Static Version

Generators vs Fibers

Both ES6 generators and node-fibers can be used to block a coroutine while waiting on some I/O without blocking the entire process.

This means that you can wait for an I/O result within your code but still have the performance benefits of the single-threaded, non-blocking I/O model you all know and love.

Both can do this for arbitrarily deep call stacks. The main difference between the capabilities of the two is how explicit the syntax is. It's the classic battle between wanting to be safe while wanting to be flexible.


Generators - Safe, but Annoyingly Explicit

In code that uses generators there is a technique whereby a library will yield continuables or promises and the generator runner will pass in the callback, suspend the generator body, and resume when the callback gets called.

I will use my library, gen-run, in these examples because it's very simple and is the one I know best. There are many others I link to in the gen-run credits.

The Server

We'll start out by writing a simple HTTP server that uses generators to power the request handling logic. It could look something like this.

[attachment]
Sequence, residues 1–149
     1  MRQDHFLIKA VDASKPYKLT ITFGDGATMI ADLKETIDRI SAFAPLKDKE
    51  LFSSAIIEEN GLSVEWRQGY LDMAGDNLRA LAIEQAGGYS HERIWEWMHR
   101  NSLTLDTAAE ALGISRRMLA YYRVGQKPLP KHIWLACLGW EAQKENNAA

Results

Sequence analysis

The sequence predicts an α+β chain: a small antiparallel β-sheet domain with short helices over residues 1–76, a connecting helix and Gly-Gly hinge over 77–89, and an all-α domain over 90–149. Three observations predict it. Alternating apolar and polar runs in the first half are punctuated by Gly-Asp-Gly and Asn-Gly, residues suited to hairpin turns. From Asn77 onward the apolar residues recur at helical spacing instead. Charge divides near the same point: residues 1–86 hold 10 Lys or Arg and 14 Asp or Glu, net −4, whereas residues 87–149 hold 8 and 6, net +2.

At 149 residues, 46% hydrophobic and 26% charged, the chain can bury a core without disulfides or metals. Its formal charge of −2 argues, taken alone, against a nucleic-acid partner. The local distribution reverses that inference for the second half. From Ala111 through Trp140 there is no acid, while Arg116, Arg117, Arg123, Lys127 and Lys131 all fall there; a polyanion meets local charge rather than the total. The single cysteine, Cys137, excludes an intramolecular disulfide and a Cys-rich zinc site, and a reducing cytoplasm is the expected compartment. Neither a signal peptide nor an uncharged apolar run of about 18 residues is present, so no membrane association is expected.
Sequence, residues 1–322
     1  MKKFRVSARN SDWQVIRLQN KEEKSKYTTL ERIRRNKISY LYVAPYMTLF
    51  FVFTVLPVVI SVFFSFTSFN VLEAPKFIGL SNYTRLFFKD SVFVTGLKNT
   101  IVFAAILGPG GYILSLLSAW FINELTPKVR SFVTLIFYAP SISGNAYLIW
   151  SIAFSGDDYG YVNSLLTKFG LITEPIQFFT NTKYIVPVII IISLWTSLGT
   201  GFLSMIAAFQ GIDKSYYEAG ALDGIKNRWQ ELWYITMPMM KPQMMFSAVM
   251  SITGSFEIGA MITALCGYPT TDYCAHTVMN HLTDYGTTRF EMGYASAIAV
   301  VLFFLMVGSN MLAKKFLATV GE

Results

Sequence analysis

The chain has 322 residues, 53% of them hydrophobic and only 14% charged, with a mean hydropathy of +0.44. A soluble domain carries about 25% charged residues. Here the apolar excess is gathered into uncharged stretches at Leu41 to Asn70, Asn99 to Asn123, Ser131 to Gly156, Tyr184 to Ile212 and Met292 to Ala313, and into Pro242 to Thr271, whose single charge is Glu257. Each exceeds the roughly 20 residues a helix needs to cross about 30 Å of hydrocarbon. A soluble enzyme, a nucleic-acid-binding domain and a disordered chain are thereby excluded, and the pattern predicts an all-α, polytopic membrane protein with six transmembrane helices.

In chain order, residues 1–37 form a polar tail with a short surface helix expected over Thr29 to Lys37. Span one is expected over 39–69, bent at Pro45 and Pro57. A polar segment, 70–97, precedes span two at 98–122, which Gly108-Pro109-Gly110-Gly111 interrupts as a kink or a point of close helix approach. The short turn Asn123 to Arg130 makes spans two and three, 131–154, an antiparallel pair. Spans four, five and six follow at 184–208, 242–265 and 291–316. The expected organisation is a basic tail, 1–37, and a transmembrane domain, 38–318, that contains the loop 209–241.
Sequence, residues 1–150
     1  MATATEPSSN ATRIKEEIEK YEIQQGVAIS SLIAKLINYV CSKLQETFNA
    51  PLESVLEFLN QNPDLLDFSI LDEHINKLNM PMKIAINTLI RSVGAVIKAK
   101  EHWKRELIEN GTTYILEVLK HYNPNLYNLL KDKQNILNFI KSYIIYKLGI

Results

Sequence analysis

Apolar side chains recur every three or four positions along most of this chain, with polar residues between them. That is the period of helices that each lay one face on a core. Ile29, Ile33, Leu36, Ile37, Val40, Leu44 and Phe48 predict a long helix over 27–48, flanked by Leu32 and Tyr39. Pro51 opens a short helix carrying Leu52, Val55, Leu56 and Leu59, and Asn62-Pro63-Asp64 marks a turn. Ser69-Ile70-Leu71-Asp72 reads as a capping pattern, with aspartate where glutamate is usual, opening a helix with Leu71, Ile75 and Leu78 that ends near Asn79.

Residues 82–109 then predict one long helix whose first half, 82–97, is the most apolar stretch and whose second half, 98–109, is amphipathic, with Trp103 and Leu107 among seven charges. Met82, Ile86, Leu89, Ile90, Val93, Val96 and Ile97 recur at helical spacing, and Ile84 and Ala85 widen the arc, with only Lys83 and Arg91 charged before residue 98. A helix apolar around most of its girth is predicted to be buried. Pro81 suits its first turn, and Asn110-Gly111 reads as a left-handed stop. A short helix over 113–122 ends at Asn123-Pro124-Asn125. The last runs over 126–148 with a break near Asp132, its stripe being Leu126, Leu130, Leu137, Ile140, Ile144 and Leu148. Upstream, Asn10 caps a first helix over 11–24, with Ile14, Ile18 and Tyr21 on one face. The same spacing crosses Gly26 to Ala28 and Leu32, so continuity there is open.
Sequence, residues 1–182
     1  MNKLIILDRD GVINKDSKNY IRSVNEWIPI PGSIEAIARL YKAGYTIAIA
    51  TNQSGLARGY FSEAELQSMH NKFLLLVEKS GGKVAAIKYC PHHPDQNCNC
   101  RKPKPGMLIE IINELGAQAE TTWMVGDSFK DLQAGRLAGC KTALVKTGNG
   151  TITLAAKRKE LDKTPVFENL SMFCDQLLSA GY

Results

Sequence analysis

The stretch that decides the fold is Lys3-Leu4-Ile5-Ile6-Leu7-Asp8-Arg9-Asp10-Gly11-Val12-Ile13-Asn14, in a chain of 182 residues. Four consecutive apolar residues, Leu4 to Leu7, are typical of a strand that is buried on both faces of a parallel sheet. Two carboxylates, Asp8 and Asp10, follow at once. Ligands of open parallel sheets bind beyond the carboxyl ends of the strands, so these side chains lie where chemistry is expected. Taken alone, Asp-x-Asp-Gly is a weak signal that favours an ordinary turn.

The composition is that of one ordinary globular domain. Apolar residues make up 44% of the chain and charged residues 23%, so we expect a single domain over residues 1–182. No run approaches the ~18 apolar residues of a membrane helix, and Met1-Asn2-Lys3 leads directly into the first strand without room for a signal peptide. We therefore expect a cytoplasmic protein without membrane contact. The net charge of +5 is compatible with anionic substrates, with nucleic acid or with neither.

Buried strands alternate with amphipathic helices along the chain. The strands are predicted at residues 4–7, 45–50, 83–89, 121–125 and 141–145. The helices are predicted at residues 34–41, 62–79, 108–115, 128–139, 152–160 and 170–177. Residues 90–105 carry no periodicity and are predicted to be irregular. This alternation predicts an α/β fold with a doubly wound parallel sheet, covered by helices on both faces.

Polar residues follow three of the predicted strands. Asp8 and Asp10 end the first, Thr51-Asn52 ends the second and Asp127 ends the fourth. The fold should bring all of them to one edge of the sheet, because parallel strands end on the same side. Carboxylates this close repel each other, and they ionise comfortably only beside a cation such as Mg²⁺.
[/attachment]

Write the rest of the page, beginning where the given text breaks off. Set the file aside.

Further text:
generator-server.js#server
http.createServer(function onRequest(req, res) {
  run
(handleRequest(req), function onResponseBody(err, body) {
   
if (err) {
      res
.statusCode = 500;
      res
.setHeader("Content-Type", "text/plain");
      res
.end(err.stack);
     
return;
   
}
    res
.statusCode = 200;
    res
.setHeader("Content-Type", "application/json");
    res
.setHeader("Content-Length", body.length);
    res
.end(body);
 
});
}).listen(3000);
console
.log("Server running at http:

The Handler

Initially when we write our programs, we often use canned data or otherwise have less I/O to perform to accomplish the given task. In this example, we're using a simple module that returns the result directly.

query.js
module.exports = function (req) {
 
return {
    method
: req.method,
    url
: req.url,
    date
: (new Date).toString()
 
};
};

Now our main app logic can be written. Remember that the server expects us to be in a generator so let's write the logic as a generator.

We want each result to be tagged with the request count as it came into the server. A simple shared variable that gets incremented at the beginning of each request should do the trick.

generator-server.js#handler
var requestCount = 0;
function* handleRequest(req) {
  requestCount
++;
 
var result = query(req);
  result
.requestCount = requestCount;
 
return new Buffer(JSON.stringify(result) + "\n");
}

You can call this with as many concurrent requests as you want. Each will have the correct requestCount because of run-to-finish semantics of JavaScript. Even inside the bodies of generators, arbitrary function calls can't suspend your code.

Modified Handler

Now suppose that down the line, our query function needed to actually do things and perform some I/O.

First we'll change the query function to return a continuable and/or accept a callback. This is a common pattern for many node libraries that need to perform I/O.